Siddharth Mathur , a shy young scientist, travels to Mauritius for his elder
brother Harsh`s wedding. Accompanying him is his Ma, a reluctant traveller
since she is angry at Harsh for deciding to get married without consulting them.
Also travelling is Siddharth`s cheery father , whose sole entertainment is
pulling Ma`s leg.
Harsh, pre-occupied with work, can spend little time with his family and it
is left to his fiancée Aaliyah to show them around Mauritius before the
However, Ma`s anger at Harsh ensures that she takes an instant dislike for
Aaliyah, and it is Aaliyah and Siddharth who end up spending loads of time
together. This, added to the fact that Aaliyah feels neglected by the
career-obsessed Harsh, leads to them being irresistibly drawn to each other.
A horrified Siddharth battles this attraction desperately, but Aaliyah has
fallen madly in love and pursues him with single-minded determination.
When Siddharth’s defences start crumbling and Ma starts getting suspicious,
all hell breaks loose in the Mathur family
`Sorry Bhai` - a breezy love triangle (IANS Film Review )
Shot in Mauritius, the film shows Sanjay
Suri and Sharman Joshi vying for Chitrangada Singh`s attention with a laid back
stay-calm stay-cool kind of urbane chic that often masquerades as a mirror of
contemporary mores in today`s cinema.
Happily, Sorry Bhai has plenty of genuine moments of emotional
`ouch`-burst. This isn`t a film about confrontational relationships. The
characters prefer to keep it nice and peaceful on the surface, no matter what
the turmoil inside, just like the blue oceans and white sands of Mauritius.
Love may or may not mean having to say you`re sorry. But Sharman, who plays the
kid-brother who whisks away his brother`s bride-to-be in a tumultuous romance,
says `sorry` so many times you wonder whom he`s trying to convince, the brother
or his conscience.
Or could it be us, watching this pleasant, mild but finally intensity-free
romantic comedy set in the mollifying splendour of Mauritius, whom Sharman`s
sorry state of `affair` is trying to convince?
In one vital sequence, Sharman makes lingering love to his sister-in-law-to-be
in the trial room while trying out a wedding suit. Waiting outside Sanjay
chuckles, I`m sure she`s making him try out something he has never tried
Wicked spurts of humour seem oddly intrusive in this drama of the under-driven.
The narration`s mood swings from delicious satire to barbed rhetorics -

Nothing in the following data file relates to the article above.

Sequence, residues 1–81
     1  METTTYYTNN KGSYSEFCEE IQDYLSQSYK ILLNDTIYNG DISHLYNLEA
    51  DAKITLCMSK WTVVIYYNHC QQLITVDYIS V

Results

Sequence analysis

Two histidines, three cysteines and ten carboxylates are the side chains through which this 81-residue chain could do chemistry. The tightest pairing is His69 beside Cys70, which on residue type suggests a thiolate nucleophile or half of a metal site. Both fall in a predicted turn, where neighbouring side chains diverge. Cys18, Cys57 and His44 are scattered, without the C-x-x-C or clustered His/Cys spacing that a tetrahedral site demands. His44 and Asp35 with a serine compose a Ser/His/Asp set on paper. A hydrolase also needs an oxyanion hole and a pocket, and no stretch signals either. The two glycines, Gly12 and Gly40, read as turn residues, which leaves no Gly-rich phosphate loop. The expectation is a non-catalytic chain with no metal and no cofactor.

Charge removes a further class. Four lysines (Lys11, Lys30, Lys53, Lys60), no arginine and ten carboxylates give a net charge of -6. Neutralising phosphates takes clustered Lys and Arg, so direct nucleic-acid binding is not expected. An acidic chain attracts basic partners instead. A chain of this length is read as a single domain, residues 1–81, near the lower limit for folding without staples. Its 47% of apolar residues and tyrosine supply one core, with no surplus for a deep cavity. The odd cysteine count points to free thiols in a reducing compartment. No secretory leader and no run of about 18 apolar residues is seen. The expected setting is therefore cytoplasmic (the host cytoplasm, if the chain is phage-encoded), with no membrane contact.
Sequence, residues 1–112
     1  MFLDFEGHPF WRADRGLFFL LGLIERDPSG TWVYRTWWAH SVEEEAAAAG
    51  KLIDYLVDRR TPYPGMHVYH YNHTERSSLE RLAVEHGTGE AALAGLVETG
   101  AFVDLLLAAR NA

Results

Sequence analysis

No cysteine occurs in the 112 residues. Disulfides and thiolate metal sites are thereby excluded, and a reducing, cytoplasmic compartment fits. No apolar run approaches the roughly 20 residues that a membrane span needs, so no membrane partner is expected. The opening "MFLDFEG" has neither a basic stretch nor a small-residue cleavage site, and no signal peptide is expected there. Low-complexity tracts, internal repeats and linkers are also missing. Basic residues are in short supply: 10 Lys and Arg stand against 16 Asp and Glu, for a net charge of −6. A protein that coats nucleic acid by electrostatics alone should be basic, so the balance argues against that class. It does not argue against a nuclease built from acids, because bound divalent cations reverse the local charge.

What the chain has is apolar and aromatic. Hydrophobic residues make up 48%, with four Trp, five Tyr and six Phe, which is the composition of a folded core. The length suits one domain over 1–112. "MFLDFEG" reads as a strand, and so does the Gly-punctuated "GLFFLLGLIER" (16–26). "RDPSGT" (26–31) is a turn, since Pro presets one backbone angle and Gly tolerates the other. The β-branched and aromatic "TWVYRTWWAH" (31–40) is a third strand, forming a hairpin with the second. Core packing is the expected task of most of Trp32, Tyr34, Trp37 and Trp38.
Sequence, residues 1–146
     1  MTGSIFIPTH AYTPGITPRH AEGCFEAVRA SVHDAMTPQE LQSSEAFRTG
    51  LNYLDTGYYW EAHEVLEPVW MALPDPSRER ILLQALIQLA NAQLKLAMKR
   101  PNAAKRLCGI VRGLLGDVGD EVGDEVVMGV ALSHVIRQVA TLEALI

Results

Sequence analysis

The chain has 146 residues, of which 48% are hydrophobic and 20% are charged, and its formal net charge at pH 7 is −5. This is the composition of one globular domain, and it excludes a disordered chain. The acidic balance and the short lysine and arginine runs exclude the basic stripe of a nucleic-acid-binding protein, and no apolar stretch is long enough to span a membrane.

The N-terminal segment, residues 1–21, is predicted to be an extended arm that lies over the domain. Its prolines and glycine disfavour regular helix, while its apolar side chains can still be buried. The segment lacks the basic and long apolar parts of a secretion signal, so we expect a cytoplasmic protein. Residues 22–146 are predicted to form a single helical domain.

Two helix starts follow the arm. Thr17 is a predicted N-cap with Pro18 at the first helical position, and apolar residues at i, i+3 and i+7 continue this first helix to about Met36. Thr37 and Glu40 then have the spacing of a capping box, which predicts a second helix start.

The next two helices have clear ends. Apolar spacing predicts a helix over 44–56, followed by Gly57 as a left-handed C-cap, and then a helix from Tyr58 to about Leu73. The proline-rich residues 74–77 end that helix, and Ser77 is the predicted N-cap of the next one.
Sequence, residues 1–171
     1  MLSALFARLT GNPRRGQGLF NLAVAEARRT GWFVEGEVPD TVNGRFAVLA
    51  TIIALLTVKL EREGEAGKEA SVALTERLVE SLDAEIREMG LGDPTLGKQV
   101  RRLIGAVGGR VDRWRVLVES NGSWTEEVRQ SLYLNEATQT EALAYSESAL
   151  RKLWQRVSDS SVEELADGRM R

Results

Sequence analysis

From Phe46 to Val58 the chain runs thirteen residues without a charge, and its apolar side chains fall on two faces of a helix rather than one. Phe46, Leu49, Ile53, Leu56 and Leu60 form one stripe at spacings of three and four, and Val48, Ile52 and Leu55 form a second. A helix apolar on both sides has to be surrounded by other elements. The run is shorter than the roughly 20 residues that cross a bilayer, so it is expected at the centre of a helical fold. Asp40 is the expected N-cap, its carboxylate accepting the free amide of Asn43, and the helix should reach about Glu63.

mother-in-law-to-be Shabana Azmi`s ar-son-ic exchanges with her future
daughter-in-law could set the azure Mauritius waters on fire, if only they
weren`t so funny.
Sorry Bhai is a film that requires a number of mood change. In its
two hours of mellow playing time, it packs in a whole criss-crossing
kaleidoscope of family ties and accompanying emotions ranging from intense
motherly possessiveness to authentic `bhaigiri`.
Not all the mood and time transitions are achieved with fluency. Some moments
between pairs of characters just don`t go far enough to reach into the inner
recesses of the heart. Indeed the best moment in the film is the one where the
sobbing sibling rests his head on his brother`s lap to express sorrow for
stealing away his fiancée.
But then there`s a difference between taking your brother`s favourite pen to
scribble your limericks and stealing his bride.
Sorry, Bhai swims languorously in a terrain that covers the
thumb-sucking selfishness of childhood as well as the sexual friction within a
family where a beautiful woman appears as a bone of contention.
And what a woman! Chitrangada looking toned and chiselled, playing the spunky
woman who wants to break free from a stagnant long-lasting relationship to court
life on the fast lane brings in the right flavours of chocolate-and-chutzpah
into the tranquil goings-on.
When Onir keeps the family drama sweet and simple, when he focuses on
one-on-ones within the family circle, he is in his element. But Onir`s film is
as original as it can get.
We won`t have another film for a long time where the mom tells her younger son
to live in with her elder son`s fiancee.
Shabana in the mother`s role is a bit of a disappointment. Boman as her husband
is far more relaxed.
As for the central performances, Chitrangada makes a likeable comeback except
when she`s too busy putting her best profile forward to the camera. And it`s
hard for us to believe that Sharman is supposed to play a guy with such
irresistible charm that he can sweep the far-from-blushing-bride off her feet
and seize her from his brother.
The crew cruises the calm characters and their location with underplayed